MERLE CONSTINER – Two Pistols South of Deadwood. Ace Double G-674, paperback original, 1967. Published back-to-back with No Man’s Brand, by William Vance.

   While writing for the pulps in the 1940s, Merle Constiner’s stories appeared primarily in the detective magazines. He had two long-running series about PIs, the first being the semi-scurrilous Dean Wardlow Rock, aka “The Dean,” whose many adventures were recorded in the pages of Dime Detective. The second was Memphis-based Luther McGavock, stories about whom showed up in Black Mask magazine on a regular basis.

   When the pulps started dying out, Constiner was one of the writers who successfully managed the transition over to novel-length fiction. As he did so, however, he made a sudden change of direction and decided to make his mark instead with westerns. In his entire career he wrote but one detective novel, that being Hearse of a Different Color, for the second- or third-rate and hardly prestigious Phoenix Press.

   Even so, many of his western novels had elements of detective fiction in them, some more than others. In Two Pistols South of Deadwood, for example, they show up only in a very minor way. When a bank is robbed in Hartsburg (somewhere south of Deadwood), all of trapper Kinney Lampson’s accumulated savings go with it, giving him no choice but to after the leader of the gang, a notorious outlaw named Lucas Gambrell, on his own.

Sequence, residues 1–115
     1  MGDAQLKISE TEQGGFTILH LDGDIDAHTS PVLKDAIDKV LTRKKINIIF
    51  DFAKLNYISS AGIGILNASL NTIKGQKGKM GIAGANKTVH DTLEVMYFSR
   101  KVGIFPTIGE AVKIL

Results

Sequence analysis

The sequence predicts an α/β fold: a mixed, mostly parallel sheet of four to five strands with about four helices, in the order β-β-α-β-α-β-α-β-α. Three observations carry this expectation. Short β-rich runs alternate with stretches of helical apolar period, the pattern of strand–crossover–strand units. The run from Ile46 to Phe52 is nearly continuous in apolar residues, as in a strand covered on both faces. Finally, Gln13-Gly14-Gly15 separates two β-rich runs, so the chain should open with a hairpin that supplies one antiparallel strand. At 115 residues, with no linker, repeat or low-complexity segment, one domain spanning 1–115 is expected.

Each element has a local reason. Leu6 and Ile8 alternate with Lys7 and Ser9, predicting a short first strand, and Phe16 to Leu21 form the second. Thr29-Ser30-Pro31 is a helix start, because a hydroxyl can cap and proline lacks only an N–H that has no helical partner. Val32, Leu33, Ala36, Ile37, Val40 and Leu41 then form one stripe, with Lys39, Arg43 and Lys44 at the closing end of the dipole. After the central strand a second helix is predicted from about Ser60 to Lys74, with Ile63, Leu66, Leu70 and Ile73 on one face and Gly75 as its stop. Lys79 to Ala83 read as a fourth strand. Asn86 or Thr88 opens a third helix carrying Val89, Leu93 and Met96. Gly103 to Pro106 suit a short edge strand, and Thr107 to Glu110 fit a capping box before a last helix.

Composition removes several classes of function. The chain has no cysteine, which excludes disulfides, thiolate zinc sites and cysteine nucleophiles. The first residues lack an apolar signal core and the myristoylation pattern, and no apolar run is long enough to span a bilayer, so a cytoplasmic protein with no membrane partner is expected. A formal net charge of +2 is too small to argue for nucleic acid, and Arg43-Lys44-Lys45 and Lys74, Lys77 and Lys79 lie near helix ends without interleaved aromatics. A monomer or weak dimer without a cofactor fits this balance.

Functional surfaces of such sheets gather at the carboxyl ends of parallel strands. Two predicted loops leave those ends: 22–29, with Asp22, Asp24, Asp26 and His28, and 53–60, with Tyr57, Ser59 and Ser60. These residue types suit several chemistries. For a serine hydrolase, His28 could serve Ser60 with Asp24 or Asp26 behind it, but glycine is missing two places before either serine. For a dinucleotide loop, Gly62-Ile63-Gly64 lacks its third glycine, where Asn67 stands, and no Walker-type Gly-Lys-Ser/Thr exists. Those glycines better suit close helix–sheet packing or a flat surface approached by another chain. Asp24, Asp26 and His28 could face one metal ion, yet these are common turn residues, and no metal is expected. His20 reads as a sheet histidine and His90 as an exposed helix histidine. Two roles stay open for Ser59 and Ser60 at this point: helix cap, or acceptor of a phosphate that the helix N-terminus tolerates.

Along the trail he picks up a companion, a man who’s fast with a gun named Gatling. As it turns out, Gatling works for Gambrell, but a friendship between the two develops, eventually leading to a partnership of sorts, and they have several boisterous adventures on their way to the lawless town of Merriman, where Gambrell makes his headquarters.

   Kinney is one of those larger-than-life characters that populate western folklore, and Constiner’s sly understated sense of humor makes this book stand out from many other westerns of the era, all of which took themselves a lot more seriously.

   From page 25, Gatling happens to ask, hypothetically speaking:

   “They have beer [at a way station called Stop Seven]. What would happen if I drank a hundred dollars’ worth of beer?”

   “I’d hate to guess,” said Kinney.

   “Well, let’s see,” said Gatling.

   “I could use a glass myself, unless it has too many wasps and bluebottle flies and dead spiders in it,” said Kinney.

   “They won’t hurt you,” said Gatling.

   “I know,” said Kinney. “It’s just that I hate the idea of having to buy them when I don’t really care for them.”

   And what happened to Kinney’s money, and does he ever get it back? There are many stumbling blocks to overcome, and some intricate bits of misdirection by Gambrell, of all people, but yes, Kinney Lampson and his new comrade in arms are definitely up to the task.